Saturday, August 19. St Anne de Bellevue to MontrealWe push off about 8:30 and head for the St Lawrence Seaway. We don’t have far to go to Montreal and the Lachine Canal but there’s no telling how long it will take to lock through the 2 Seaway Locks. The high wind warnings for today are justified; it’s blowing 20+ as we proceed down the rather circuitous channel. Just before entering the tight channel into the Seaway, we stop for fuel, water, and ice at Kahanawake Marina.
As this is on a first nation’s area all items are tax free. We arrive at Ste. Catherine Lock about noon just as the gates are closing behind a commercial ship. There is an electronic sign saying our lockage is at 1400. At 12:30 we hear an announcement on the load speaker but do not understand. I go to the pay booth and call on the yellow phone – direct dedicated phone to lockmaster who confirms we have a green light. There are several ways to pay for the lockage; Craig downloads the app and pays online with a credit card. This worked really well as the lockman had a tablet and could see we had paid. We proceeded into the lock where 2 lock personnel dropped polypropylene lines to us. We tended these as the water dropped. Once we are at the bottom and the gate start to open, we cast off the lines and they are pulled back up.
We arrive about 2:30 at St. Lambert Lock and tie to the floating dock. Again it is tricky with stong wind about 30 degrees off the port bow and swirling currents that flow into the lock and into the spillway off to the side. There is an express boat and a small sailboat waiting here. The captain of the express boat is furious we are being made to wait so long but these locks are for commercial traffic and the ship get priority.
We finally get into the lock about 4:30. We’re hoping to get into lock #1 of the Lachine canal to stay on the wall between lock #1 and #2. Clearing St Lambert we blast on down the channel, into Montreal, through the current rips. Conepatus arrives about 5:15 and we are in luck – they have delayed the final lockage for us – they even hold it for Relax.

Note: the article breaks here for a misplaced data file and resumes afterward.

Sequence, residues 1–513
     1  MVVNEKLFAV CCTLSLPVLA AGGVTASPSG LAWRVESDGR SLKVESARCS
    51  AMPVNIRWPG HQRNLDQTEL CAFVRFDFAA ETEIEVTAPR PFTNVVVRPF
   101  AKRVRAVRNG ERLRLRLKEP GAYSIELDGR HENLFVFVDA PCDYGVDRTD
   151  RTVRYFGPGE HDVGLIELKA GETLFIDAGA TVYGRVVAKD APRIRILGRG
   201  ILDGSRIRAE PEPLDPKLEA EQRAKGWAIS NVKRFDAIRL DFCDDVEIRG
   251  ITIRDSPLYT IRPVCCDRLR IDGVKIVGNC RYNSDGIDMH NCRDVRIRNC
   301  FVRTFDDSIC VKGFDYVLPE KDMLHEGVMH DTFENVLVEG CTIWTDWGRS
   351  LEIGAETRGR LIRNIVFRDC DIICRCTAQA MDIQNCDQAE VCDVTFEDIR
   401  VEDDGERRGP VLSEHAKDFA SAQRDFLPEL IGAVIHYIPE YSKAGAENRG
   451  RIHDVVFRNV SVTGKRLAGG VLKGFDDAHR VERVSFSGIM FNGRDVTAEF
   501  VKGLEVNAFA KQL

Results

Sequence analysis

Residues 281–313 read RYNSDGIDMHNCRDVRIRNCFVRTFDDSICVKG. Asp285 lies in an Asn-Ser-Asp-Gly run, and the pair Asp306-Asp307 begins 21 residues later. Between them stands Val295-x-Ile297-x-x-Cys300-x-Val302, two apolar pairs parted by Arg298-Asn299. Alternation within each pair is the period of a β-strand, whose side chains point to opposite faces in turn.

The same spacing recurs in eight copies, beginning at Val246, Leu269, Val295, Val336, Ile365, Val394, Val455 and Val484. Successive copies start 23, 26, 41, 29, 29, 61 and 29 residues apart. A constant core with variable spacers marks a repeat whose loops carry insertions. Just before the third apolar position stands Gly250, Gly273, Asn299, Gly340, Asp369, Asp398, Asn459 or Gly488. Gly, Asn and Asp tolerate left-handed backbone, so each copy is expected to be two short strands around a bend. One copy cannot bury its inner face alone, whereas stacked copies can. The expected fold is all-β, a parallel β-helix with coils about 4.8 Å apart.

In order to get into this wall we have to pass under 2 low fixed bridges. Checking with the lockmaster before arriving we have been told the clearance is 14′. This can change depending on the water between the dams on the St Lawrence. We approach the bridge with antennae down and the dinghy retrival crane dismantled. Relax has taken his radar down and lowered his bimini. We both pass under with room to spare and get secured to the floating dock infront of the restaurant. There is a second floating dock at the far end of the basin but this is already full.
In the middle is the Daniel McAllister, a historic, riveted hull tug on display for the public. Although she appears to be floating in the lock, she is actually sitting in a concrete cradle. This is quite amazing to be able to tie up in yet another of Canada’s major cities, in fact we are on the edge of Montreal’s Old Port.